If only we were willing to admit this and stop pretending to be secular. All the same, a society that pretends to be Western and enlightened cannot delude itself while maintaining such a religious and unenlightened lifestyle. Not much has changed since our school days, when we were taught to kiss a Bible that dropped on the floor. So let’s enjoy the taste of the matzah and let’s not try to pull a beer bottle out from behind the ridiculous nylon on the supermarket shelf, and let’s admit it: We are (almost) a state governed by religious law.
Establishing an “Arc of Crisis”
ORIGINALLY at Global Research, July 10, 2008
Many would be skeptical that the Anglo-Americans would be behind terrorist acts in Iraq, such as with the British in Basra, when two British SAS soldiers were caught dressed as Arabs, with explosives and massive arsenal of weapons. Why would the British be complicit in orchestrating terror in the very city in which they are to provide security? What would be the purpose behind this? That question leads us to an even more important question to ask, the question of why Iraq was occupied; what is the purpose of the war on Iraq? If the answer is, as we are often told with our daily dose of CNN, SkyNews and the statements of public officials, to spread democracy and freedom and rid the world of tyranny and terror, then it doesn’t make sense that the British or Americans would orchestrate terror.
However, if the answer to the question of why the Anglo-American invasion of Iraq occurred was not to spread democracy and freedom, but to spread fear and chaos, plunge the country into civil war, balkanize Iraq into several countries, and create an “arc of crisis” across the Middle East, enveloping neighboring countries, notably Iran, then terror is a very efficient and effective means to an end.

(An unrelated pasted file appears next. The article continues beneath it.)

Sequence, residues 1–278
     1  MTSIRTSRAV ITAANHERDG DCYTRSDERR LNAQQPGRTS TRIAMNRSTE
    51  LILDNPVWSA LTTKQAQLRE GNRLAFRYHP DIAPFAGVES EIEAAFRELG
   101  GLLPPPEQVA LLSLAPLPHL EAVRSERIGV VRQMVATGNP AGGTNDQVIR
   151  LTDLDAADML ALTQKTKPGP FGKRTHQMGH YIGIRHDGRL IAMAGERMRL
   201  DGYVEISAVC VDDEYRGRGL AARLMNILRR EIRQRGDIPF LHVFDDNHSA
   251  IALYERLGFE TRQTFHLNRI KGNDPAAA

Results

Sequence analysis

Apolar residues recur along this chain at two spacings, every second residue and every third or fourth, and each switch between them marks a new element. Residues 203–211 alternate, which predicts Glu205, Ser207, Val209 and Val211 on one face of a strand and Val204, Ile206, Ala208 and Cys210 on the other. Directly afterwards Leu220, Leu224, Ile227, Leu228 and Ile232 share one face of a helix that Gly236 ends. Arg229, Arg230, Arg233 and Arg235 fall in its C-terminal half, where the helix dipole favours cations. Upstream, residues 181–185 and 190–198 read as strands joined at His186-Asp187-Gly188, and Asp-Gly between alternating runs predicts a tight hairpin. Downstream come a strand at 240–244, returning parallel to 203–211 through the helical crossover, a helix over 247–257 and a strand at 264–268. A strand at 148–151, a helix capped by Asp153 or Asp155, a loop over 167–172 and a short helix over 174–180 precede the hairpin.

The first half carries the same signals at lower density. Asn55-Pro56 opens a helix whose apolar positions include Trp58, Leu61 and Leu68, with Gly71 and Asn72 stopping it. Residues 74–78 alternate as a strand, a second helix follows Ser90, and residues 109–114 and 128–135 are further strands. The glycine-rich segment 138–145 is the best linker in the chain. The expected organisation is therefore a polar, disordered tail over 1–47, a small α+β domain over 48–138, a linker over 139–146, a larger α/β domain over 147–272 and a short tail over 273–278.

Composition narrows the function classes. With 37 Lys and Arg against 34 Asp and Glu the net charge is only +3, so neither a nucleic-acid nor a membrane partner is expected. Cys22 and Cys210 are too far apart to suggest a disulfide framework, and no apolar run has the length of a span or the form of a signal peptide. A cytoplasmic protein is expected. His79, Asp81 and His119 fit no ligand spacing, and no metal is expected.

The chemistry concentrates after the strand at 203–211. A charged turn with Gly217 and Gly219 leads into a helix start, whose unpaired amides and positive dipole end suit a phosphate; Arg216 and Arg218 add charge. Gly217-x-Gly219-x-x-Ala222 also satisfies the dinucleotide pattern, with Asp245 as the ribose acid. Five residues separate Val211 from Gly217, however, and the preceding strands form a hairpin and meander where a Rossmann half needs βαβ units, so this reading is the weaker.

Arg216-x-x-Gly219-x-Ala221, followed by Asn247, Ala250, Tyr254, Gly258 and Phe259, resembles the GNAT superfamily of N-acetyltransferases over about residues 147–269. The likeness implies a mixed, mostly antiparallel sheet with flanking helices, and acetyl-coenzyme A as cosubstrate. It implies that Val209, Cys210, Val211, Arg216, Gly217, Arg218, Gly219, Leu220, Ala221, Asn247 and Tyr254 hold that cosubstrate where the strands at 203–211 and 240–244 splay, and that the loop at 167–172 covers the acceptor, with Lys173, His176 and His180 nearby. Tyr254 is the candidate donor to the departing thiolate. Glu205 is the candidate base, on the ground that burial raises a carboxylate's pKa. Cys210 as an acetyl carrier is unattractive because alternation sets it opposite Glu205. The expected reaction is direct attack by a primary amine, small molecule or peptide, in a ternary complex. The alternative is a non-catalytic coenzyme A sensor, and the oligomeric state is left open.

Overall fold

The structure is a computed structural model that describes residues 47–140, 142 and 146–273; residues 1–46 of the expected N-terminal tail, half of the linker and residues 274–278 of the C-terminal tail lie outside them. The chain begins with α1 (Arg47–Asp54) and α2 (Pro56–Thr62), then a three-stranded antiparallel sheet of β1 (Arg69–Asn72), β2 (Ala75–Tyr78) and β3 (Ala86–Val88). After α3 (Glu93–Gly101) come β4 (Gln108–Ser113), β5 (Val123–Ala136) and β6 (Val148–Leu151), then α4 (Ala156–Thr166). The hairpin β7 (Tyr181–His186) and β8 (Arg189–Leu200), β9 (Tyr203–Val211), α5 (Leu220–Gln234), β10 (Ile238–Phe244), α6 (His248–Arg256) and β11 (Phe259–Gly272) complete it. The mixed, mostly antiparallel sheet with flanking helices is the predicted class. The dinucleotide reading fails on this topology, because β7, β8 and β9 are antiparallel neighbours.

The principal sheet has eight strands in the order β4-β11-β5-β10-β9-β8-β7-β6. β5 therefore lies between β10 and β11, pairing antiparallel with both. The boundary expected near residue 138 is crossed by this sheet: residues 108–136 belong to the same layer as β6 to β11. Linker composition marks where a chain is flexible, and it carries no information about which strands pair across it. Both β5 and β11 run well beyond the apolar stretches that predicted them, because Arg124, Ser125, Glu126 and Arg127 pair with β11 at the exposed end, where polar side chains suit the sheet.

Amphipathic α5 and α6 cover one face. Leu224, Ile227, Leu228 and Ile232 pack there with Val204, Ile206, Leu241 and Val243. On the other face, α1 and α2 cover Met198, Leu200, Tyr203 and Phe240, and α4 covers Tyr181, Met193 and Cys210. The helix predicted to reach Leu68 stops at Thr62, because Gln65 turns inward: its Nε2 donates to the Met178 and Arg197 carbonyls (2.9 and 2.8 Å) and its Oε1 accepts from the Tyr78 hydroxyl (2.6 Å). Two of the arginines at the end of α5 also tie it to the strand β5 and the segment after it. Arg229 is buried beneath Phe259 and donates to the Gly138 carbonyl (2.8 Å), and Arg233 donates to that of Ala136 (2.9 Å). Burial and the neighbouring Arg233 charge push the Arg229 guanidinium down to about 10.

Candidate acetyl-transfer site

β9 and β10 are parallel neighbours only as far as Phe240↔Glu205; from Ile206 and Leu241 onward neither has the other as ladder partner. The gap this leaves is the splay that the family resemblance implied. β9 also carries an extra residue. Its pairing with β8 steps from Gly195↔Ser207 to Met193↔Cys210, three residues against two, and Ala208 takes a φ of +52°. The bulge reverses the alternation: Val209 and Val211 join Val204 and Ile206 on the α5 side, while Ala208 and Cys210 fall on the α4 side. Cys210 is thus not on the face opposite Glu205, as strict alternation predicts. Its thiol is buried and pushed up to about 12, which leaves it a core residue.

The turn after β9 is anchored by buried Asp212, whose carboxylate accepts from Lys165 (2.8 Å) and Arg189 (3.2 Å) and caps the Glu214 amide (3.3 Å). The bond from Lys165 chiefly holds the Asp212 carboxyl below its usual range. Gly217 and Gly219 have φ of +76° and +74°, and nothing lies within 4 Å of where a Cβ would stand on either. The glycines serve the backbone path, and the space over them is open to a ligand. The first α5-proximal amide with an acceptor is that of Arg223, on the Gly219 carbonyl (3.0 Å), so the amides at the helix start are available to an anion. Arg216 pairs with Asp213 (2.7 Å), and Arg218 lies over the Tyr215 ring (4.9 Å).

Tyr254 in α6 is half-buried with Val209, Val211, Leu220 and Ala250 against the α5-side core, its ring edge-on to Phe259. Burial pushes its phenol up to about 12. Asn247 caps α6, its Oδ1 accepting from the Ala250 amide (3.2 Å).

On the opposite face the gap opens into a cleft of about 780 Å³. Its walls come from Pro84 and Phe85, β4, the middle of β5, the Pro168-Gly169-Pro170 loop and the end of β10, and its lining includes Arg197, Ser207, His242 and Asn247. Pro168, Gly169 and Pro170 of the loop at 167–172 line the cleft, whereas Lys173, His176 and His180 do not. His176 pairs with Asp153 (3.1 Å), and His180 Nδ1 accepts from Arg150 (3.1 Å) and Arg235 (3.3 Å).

An Imperial Strategy
In 1982, Oded Yinon, an Israeli journalist with links to the Israeli Foreign Ministry wrote an article for a publication of the World Zionist Organization in which he outlined a “strategy for Israel in the 1980s.” In this article, he stated, “The dissolution of Syria and Iraq into ethnically or religiously unique areas such as in Lebanon is Israel’s primary target on the Eastern front. Iraq, rich in oil on the one hand and internally torn on the other is guaranteed as a candidate for Israel’s targets. Its dissolution is even more important for us than that of Syria. Iraq is stronger than Syria. In the short run, it is Iraqi power which constitutes the greatest threat to Israel.” He continued, “An Iraqi-Iranian war will tear Iraq apart and cause its downfall at home even before it is able to organize a struggle on a wide front against us. Every kind of inter-Arab confrontation will assist us in the short run and will shorten the way to the more important aim of breaking up Iraq into denominations as in Syria and Lebanon.” He continues, “In Iraq, a division into provinces along ethnic/religious lines as in Syria during Ottoman times is possible. So, three (or more) states will exist around the three major cities: Basra, Baghdad and Mosul and Shiite areas in the South will separate from the Sunni and Kurdish north.”
The Iran-Iraq War, which lasted until 1988, did not result in Oded Yinon’s desired break-up of Iraq into ethnically based provinces. Nor did the subsequent Gulf War of 1991 in which the US destroyed Iraq’s infrastructure, as well as the following decade-plus of devastating sanctions and aerial bombardments by the Clinton administration. What did occur during these decades, however, were the deaths of millions of Iraqis and Iranians.
A Clean Break for a New American Century